Court Questions Timing of Dual-Service Legal Dispute

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Nevada's Supreme Court justices questioned whether the state's top election official has any legal standing to petition for a ruling on dual service by full-time government employees in the state's part-time Legislature.

While no immediate ruling was issued Thursday, six of the state high court's seven justices suggested there were procedural problems with the request from Secretary of State Dean Heller, represented by Attorney General Brian Sandoval.

Justice Nancy Becker said the proper method to resolve the dual-service dispute would be a lawsuit, after some government employee is elected to the Legislature in November.

But at this point, with the election months away, Justice Deborah Agosti said, "nothing has happened yet."

"Something's about to happen," Sandoval said in urging the court to rule on the separation-of-powers issue before the elections.

Chief Justice Miriam Shearing said Heller may be the state's chief election official, but he lacks authority to block a government employee from filing for a legislative seat. Only the Legislature can determine who's qualified to serve after an election, Shearing and other justices added.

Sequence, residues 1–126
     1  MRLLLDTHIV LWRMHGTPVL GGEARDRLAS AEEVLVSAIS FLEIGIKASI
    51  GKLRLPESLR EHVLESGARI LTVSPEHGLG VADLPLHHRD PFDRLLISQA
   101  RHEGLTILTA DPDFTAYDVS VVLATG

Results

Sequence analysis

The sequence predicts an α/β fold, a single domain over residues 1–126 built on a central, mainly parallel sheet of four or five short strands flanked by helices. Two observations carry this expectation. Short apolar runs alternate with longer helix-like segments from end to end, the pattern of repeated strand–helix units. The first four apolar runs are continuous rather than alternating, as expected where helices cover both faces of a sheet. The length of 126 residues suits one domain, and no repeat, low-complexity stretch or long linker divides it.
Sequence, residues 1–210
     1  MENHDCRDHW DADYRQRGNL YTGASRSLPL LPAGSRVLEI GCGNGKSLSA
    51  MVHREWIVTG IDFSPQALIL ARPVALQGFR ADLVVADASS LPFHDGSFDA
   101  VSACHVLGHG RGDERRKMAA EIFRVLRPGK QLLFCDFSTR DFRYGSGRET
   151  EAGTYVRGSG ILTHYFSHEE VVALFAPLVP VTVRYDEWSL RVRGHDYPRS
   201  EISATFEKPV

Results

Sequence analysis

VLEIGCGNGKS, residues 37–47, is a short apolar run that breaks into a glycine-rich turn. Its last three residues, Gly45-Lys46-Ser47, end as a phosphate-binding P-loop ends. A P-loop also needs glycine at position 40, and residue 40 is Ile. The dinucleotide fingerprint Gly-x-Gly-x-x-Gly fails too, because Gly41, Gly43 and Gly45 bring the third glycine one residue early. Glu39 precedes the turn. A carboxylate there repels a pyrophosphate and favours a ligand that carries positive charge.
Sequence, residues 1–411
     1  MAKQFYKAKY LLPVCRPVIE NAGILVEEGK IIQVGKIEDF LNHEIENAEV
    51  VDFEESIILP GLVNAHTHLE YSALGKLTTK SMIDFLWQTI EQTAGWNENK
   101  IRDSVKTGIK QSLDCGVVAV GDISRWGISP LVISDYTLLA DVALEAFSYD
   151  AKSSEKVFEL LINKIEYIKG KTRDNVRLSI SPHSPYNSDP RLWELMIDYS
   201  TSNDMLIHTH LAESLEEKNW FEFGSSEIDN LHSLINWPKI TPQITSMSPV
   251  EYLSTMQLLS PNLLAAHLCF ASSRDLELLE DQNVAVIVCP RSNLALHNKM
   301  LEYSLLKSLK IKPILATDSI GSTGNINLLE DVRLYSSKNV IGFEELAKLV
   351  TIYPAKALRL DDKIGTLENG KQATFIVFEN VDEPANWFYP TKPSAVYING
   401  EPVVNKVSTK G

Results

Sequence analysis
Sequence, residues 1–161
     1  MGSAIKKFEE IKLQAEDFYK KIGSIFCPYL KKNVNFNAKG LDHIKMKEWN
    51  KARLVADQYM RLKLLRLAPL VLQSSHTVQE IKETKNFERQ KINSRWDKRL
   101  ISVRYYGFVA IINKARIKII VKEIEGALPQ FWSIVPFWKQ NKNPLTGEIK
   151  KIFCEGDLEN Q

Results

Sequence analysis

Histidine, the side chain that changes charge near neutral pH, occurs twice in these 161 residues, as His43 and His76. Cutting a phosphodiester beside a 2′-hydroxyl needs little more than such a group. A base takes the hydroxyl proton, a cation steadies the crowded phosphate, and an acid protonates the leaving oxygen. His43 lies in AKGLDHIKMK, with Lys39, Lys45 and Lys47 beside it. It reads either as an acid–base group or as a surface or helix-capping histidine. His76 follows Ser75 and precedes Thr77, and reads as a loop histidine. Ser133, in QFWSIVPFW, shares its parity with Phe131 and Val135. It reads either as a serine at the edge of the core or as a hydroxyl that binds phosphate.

Justice Bill Maupin said that the court would venture into "judicial activism" by ruling now that it's unconstitutional for a state worker to serve in the Legislature.

Kevin Powers, principal deputy legislative counsel, told justices that a violation of the separation-of-powers doctrine wouldn't occur if a lower-level government employee also served in the Legislature.

Powers also argued that the ruling sought by Heller would change the way Nevada has operated since statehood - with a citizen legislature that ensures "the interests of every person in the state is represented" when lawmakers convene every other year for their 120-day regular sessions.

"If they don't solve it now, they're going to have to solve it later," Heller said after the court hearing. Heller said he's not trying to stop anyone from running for office and just wants to see decades of confusion over dual service cleared up.

Sandoval issued an opinion in March to limit legislative service by public employees, but that opinion lacks the force of law. In his high court petition, he asked for a finding that dual service by state employees in the Legislature is unconstitutional, and also asked for a finding on whether local government employees can do double duty as lawmakers.

If the petition is granted, at least five lawmakers would have to resign from either the Legislature or their jobs in what, under Sandoval's recent legal opinion, is the executive branch of state government.

Executive-branch employees include those working for the governor or other constitutional officers, various state boards or agencies and Nevada's college and university system.